Biggest NBA trades, signings since Kevin Durant joined Warriors
When Kevin Durant chose to leave the Oklahoma City Thunder in the summer of 2016 and join the 73-win Warriors, it shifted the balance of power in the NBA heavily toward Golden State. Over the course of three seasons, the Warriors won back-to-back titles and could have secured the first three-peat since the Kobe-Shaq Lakers if it weren't for injuries to key players and a terrific performance by the Toronto Raptors this past June.
Durant choosing the Warriors was the biggest move since LeBron James took his talents to South Beach. Now that Durant has moved on, which move will define the next era of NBA basketball? Let's take a look.
USA Today Sports Images
10. Russell Westbrook reunites with James Harden
Whether you still think Russell Westbrook is still capable of being a key player on a contender, the Rockets trading Chris Paul, two first-round picks and two pick swaps for him gives them the potential to win a championship. Westbrook and Harden played together in OKC and went to the NBA Finals in 2013, but they became ball-dominant MVP's when playing apart.
This move could either make the Rockets one of the best teams in the league for the next few years or send them further into the NBA's no man's land if Westbrook can't mesh well with Harden. It was a necessary risk for the Rockets, but until we know more, it remains in the 10th spot.
9. Philly clears the way for Al Horford
Losing Al Horford will hurt tremendously for at least the next three seasons for the Celtics. After opting out of the final year of his contract with Boston, Horford signed a four-year, $109 million contract with the Sixers. In order to clear the way for him, Philly sent Jimmy Butler to the Heat in a sign-and-trade that brought back Josh Richardson.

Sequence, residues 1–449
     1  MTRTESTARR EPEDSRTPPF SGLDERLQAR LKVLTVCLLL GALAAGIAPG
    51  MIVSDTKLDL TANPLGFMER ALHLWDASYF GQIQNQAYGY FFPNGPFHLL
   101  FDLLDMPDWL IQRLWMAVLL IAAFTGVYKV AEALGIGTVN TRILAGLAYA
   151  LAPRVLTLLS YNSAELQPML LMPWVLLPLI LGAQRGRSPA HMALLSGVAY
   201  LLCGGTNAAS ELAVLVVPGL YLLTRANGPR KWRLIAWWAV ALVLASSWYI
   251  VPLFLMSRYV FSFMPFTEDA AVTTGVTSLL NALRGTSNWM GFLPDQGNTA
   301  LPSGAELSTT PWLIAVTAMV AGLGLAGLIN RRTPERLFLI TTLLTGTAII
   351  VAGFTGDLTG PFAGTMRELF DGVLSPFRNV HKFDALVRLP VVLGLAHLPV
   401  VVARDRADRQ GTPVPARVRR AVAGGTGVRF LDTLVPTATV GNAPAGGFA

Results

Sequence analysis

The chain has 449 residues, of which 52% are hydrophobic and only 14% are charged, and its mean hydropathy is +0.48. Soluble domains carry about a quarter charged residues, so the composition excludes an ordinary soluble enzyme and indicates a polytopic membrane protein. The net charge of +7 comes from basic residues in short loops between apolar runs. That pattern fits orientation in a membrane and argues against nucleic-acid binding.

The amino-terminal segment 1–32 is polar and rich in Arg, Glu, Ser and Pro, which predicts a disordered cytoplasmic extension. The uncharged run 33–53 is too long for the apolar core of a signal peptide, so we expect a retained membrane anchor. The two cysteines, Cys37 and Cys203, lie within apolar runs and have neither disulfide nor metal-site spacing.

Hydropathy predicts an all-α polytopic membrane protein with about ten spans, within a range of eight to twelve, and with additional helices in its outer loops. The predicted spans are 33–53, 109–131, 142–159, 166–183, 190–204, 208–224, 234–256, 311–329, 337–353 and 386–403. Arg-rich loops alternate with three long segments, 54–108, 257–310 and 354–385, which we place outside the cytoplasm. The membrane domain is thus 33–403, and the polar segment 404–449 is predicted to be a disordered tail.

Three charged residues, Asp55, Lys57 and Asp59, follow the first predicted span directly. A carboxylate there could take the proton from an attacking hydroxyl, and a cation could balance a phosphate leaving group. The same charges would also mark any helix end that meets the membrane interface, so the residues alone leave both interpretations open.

In a matter of minutes, the Sixers became a major power in the East while taking away the one man proven to be Joel Embiid's kryptonite from its main rival in the Celtics. Quite the move by Elton Brand.
8. Celtics swing big for Kyrie Irving
It didn't work out how anyone in Boston hoped, but when the Celtics traded Isaiah Thomas, Jae Crowder, Ante Zizic and what turned out to be the No. 8 pick in the 2018 draft, it shifted power in the East from Cleveland to Boston.
Of course, injuries got in the way of the Celtics snapping LeBron's streak of Finals appearances, but Kyrie's exit weakened the Cavs substantially against the eventual champion Warriors.
7. Chris Paul works his way to Houston
Not only did this trade set the Rockets up for a 65-win regular season and as good a chance as any to knock off the Warriors in a Game 7, but it gave the Clippers a foundation that ultimately led to the acquisition of Kawhi Leonard and Paul George. Montrezl Harrell, Patrick Beverley and Lou Williams are still on the Clippers roster.
Paul is now in OKC after being traded for Russell Westbrook, but Houston was a legitimate contender the last two years thanks to Paul's presence next to Harden.
6. Kyrie leaves Boston for Brooklyn
Despite committing to re-signing with the Celtics in October of 2018, Kyrie Irving decided to leave the Celtics for Brooklyn after a tumultuous second season in Boston. With Irving on the roster this season, the Celtics were unable to trade for Anthony Davis and his departure ultimately led to Al Horford's exit as well.